The Rocketdyne Propulsion & Power business of The Boeing Company is deep into design work on a new reusable rocket engine that will generate more than one million pounds of thrust (at sea level) and could be the first-ever multi-mission booster to use oxygen-rich gases in combination with kerosene fuel.
Design of the new engine -- the RS-84 -- is currently in its first phase under funding from NASA's Space Launch Initiative (SLI). This initial phase was initiated with a $34 million award to Boeing Rocketdyne and will ultimately involve a team of 100 engineers and technicians by the end of the phase next May. Pending NASA acceptance of the design, the program could move into a second phase in 2003 for an additional award of more than $24 million. A prototype RS-84 could emerge by 2006.
"The principle behind the RS-84 is that gaseous oxygen -- which also functions as the combustion oxidizer -- will be used to drive the propellant turbopumps," said John Vilja, program director for SLI engines. "In most engines -- certainly the ones that Rocketdyne has built over the years -- the fuel, such as gaseous hydrogen or kerosene, is used to drive the turbines.
"Some unmanned Russian engines have traditionally operated as oxygen-rich," adds Vilja. "But those engines have always been expendables, and further, have required protective coatings on engine parts, which means less reliability and durability. Thanks to Boeing-proprietary metals, we can now eliminate coatings and those attendant penalties. That, in turn, allows us to use kerosene in a reusable rocket engine as the fuel, which offers higher thrust density than hydrogen."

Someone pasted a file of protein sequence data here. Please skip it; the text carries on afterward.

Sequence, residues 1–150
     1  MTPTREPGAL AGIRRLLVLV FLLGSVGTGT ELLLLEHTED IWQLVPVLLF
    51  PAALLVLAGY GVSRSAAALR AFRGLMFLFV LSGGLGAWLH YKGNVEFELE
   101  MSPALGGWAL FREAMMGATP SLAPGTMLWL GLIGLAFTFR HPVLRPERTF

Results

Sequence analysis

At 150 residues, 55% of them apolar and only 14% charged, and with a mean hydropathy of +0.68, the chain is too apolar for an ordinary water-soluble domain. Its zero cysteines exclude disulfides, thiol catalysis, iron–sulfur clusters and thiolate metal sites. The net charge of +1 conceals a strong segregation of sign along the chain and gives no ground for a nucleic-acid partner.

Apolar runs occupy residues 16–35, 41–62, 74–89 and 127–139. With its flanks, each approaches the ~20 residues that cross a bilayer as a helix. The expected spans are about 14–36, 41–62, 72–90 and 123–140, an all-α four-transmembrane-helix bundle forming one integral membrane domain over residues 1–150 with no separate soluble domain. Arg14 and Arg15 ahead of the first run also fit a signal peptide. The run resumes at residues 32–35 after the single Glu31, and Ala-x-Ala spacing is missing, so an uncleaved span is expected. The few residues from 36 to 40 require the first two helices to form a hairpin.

The RS-84 joins the RS-83 as two engine concepts being investigated under the SLI effort. The RS-83 is a hydrogen-powered booster. While both target future vehicles that have yet to be selected, the RS-84 is also noteworthy for the power it would produce: more than one million pounds of thrust. Rocketdyne engines have not been in that range since the Rocketdyne F-1 engine delivered 1.5 million pounds of thrust for the Saturn V vehicle of the Apollo lunar program.
"We're hoping to put an RS-84 aboard a second-generation re-usable launch vehicle," said Vilja. "Further, we're designing for an engine life of at least 100 missions, double the design life of an SSME, with much lower maintenance costs and faster turnaround."